Rouhani Defiant After G7 Statement, Says Iran Nuclear Program Can Expand
Iran struck a defiant tone Monday over talks in Vienna with world powers over its nuclear program, as President Hassan Rouhani said Tehran was ready “on any day, at any hour” to increase uranium enrichment beyond the current level of 63 percent. Speaking at a defense project inauguration, Rouhani offered a “direct message of the Islamic Republic [of Iran]” that the “United States and other JCPOA countries should carry out their obligations without any exception, immediately.”
Talks in Vienna have been in play since early April aiming to revive the JCPOA (Joint Comprehensive Plan of Action), Iran’s 2015 nuclear deal with world powers. Former US president Donald Trump abandoned the agreement in 2018 before imposing draconian sanctions on Iran and prompting Tehran since 2019 to expand its nuclear program beyond JCPOA limits, including enriching far above a 3.67-percent cap.
Rouhani stressed that Iran expected “verification,” meaning after the lifting of all sanctions incompatible with the JCPOA, before it again met its “obligations” by reversing those nuclear steps, which that have significantly reduced the time it would take Iran to make an atomic weapon, an aim it denies.
Talks in Vienna formally involve remaining JCPOA signatories – China, France, Germany, Iran, Russia and the United Kingdom – and indirectly a US delegation also in the Austrian capital. While all parties are committed to restoring the 2015 nuclear deal, there are differences over which sanctions the US would be required to lift and how Iran’s more sophisticated nuclear program can be reset on 2015 limits.
While Russia and China have tended to highlight the need for the US to withdraw sanctions, closer relations between Europe and the US administration of President Joe Biden, replacing the frostiness of the Trump administration, were illustrated in a paragraph on Iran in the closing communique of the G7 following its meeting in England June 11-13.
The G7 communique stressed support for the Vienna talks and the “goal of restoring the nonproliferation benefits of the JCPOA and of ensuring the exclusively peaceful nature” of Iran’s nuclear program. The statement called on Tehran to restore “full and timely cooperation with the International Atomic Energy Agency,” which Iran curtailed after November’s killing of its nuclear scientist Mohsen Fakhrizadeh.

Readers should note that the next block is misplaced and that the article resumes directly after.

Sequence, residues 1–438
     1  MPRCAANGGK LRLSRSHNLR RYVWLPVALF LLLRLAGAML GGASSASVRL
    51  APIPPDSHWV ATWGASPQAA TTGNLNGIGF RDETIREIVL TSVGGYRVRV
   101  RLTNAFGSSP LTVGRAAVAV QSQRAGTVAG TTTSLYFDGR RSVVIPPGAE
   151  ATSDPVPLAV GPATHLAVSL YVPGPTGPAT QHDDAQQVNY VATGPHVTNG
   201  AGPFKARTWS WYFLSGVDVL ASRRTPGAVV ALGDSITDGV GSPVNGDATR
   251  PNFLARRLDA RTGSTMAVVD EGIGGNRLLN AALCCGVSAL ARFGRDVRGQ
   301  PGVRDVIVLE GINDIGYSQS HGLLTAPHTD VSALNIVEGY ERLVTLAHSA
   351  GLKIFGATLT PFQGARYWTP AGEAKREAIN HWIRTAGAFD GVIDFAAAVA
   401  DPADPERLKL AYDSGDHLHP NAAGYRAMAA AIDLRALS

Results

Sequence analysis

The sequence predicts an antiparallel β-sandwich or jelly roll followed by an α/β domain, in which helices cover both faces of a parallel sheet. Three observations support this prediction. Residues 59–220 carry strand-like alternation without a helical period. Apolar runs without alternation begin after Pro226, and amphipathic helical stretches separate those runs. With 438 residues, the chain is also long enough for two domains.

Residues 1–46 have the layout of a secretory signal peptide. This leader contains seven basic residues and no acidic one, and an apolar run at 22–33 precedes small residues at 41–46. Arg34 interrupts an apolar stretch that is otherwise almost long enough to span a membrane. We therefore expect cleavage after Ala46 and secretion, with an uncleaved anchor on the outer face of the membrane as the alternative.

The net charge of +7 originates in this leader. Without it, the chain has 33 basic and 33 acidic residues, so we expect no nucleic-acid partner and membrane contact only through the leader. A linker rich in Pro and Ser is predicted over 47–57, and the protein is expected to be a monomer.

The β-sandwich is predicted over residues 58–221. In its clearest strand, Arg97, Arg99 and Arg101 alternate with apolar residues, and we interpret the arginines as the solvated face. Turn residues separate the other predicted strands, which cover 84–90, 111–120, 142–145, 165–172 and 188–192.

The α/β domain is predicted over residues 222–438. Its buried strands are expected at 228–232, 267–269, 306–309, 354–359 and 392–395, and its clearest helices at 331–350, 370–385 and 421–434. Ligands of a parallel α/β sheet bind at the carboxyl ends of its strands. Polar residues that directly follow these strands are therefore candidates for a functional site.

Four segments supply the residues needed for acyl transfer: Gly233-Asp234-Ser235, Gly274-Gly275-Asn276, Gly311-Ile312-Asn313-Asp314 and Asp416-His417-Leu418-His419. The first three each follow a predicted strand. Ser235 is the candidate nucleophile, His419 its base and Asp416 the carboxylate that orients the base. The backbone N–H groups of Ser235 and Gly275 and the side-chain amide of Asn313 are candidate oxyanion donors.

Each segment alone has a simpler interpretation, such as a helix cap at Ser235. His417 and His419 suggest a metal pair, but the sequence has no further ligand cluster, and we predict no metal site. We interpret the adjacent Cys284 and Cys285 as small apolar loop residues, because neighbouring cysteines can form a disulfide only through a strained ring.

The communique stated that a restored JCPOA “could also pave the way to further address regional and security concerns,” reflecting the Biden administration’s commitment to a ‘follow-on’ agreement or series of agreements. Some reports suggest the US delegation in Vienna has tried to secure, as part of the talks, prior Iranian agreement to this.
The communique condemned Iran’s “support to proxy forces and non-state armed actors, including through financing, training and the proliferation of missile technology and weapons.” It called on Tehran “to stop all ballistic missile activities and proliferation inconsistent with UNSCR 2231 and other relevant resolutions…”
This last point refers to a clause in United Nations Security Resolution 2231, endorsing the JCPOA, which banned Iran from work on “ballistic missiles designed to be capable of delivering nuclear weapons.” The deliberately vague wording is subject to varying interpretations.
In a reference to the G7 communique, Saeed Khatibzadeh, the Iranian foreign ministry spokesman, referred in his weekly briefing Monday to “interference” and said that “nothing” in 2231 referred to Iran’s missile program.
As well as expressing “deep concern over the continued human rights violations and abuses in Iran” the G7 statement expressed support for “efforts to pursue transparency, accountability and justice for the victims of Ukraine International Airlines Flight 752, shot down by Iran in January 2020.” Canada – which lost 85 citizens and permanent residents in the disaster when Iran downed a civilian airplane during heightened tension with the US – has been vociferous over the case. Ottawa is a G7 member alongside France, Germany, Italy, Japan, the UK, and the US.